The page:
pixels-output

Before getting started with this discussion, there are a couple important points to cover.  The first is the necessity of properly setting the RGB and Gray working spaces in Photoshop’s color settings dialog (Edit > Color Settings).  In order for the “Pixels” output layer to match the panel’s preview infinity mask, the RGB and Gray working spaces must be properly aligned.  The two most common pairings are as follows:

  • RGB: ProPhoto RGB needs to be paired with Gray: Gray Gamma 1.8.
  • RGB: Adobe RGB (1998) needs to be paired with Gray: Gray Gamma 2.2.

If the RGB and Gray working spaces are not matched, there will be a brightness shift between the mask previewed by the Infinity Mask panel and the “Pixels” output on the Layers panel.

The second point is a reminder that the “Pixels” output option is bit-depth neutral.  If the original image is 16-bit, then the mask generated by the Infinity Mask panel is also 16-bit.  But even more important is the fact that the pixel layer created via “Pixels” output is an identical 16-bit copy of the preview mask (provided that the RGB and Gray working spaces have been properly set).  The process of converting the mask to pixels does not involve an intervening 8-bit selection that compresses the grayscale data.  So even though the grayscale mask discards the color information in the image, the bit-depth of pixel-level brightness data is maintained.

Below is the first image I experimented with using “Pixels” output for conversion to black and white.  Rolling the mouse over the image shows the final result. (NOTE: It may take a couple of seconds for the rollover image to load, but once it does, flicking the mouse back and forth across the image edge instantantly changes the image. Also, rollover images might not appear in the email feed but do work on the blog website.)  I did not record the settings I used to create this, and it’s largely unimportant.  The Infinity Mask panel is meant to be a place to experiment so see what works.  Different color channels, different tones, and different slider settings can all be easily tried to achieve the best outcome.  The “Pixels” output was really just a foundation in this case.  It provided the initial color-to-black-and-white conversion.  From there, additional masks and layers were added to arrive at the final image.  But the conversion step was pivotal in guiding the image to its final form.  The key in this case was using the Infinity Mask panel to find a TONE that looked best as white in the image, and then using the other sliders to manipulate the brightness values of the other tones and, in the process, remove the distracting background elements.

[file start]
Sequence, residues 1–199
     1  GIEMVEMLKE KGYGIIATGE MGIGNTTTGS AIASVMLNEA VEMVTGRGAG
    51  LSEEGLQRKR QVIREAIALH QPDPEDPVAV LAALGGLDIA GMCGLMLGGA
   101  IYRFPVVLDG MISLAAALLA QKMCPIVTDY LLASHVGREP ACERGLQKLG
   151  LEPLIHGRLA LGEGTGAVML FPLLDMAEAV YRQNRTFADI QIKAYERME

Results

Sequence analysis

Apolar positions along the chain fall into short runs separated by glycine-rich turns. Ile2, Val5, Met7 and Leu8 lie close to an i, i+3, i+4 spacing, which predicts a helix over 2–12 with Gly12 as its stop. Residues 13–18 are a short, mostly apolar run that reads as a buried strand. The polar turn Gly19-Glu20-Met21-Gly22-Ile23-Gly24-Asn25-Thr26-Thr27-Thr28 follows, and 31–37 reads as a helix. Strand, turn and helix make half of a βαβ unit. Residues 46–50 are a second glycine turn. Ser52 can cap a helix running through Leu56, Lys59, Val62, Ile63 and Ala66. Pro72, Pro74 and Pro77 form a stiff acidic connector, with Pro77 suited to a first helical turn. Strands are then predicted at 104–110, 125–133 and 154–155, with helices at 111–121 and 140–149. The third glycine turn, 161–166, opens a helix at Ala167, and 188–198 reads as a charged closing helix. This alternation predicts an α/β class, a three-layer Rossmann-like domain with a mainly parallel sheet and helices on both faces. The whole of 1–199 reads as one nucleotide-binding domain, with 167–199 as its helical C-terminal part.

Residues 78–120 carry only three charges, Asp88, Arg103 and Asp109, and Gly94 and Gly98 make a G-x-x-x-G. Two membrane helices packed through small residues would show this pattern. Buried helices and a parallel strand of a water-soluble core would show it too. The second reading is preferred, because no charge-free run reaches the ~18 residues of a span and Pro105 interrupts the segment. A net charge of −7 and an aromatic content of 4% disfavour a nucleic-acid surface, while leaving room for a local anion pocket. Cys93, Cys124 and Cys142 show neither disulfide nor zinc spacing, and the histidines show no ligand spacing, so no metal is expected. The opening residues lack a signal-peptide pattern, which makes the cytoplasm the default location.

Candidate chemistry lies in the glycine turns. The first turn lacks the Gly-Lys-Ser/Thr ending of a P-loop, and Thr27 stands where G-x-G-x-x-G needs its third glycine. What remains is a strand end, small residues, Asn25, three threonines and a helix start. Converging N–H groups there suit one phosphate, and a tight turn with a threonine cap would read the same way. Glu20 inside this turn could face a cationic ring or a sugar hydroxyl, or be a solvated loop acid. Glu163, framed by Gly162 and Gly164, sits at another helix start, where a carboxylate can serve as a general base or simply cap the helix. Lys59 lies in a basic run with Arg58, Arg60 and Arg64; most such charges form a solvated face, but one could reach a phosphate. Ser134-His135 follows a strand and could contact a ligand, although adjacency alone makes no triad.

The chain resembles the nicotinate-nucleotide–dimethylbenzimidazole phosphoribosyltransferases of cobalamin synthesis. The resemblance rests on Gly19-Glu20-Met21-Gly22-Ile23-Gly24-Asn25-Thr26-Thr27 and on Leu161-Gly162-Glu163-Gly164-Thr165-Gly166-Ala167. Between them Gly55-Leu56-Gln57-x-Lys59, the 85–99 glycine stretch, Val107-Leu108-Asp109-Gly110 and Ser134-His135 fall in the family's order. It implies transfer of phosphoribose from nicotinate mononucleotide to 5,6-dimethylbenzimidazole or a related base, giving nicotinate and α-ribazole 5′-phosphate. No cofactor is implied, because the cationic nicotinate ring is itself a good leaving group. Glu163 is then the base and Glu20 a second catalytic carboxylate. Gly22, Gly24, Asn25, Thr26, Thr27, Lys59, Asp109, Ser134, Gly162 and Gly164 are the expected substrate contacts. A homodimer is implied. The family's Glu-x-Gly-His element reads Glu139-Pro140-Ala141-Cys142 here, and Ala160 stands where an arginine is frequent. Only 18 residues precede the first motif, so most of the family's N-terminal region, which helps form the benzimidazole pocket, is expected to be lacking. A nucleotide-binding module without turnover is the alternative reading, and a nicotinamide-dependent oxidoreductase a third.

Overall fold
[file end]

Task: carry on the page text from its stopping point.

The second experimental image is shown below.  Again, a rather uninteresting color image but one where the repeating lines and shapes might work well in black and white.  The rollover shows the final presentation.


This image helped me better understand some of the fundamental relationships between the Infinity Mask panel’s controls and the monochrome image.  Specifically the sliders.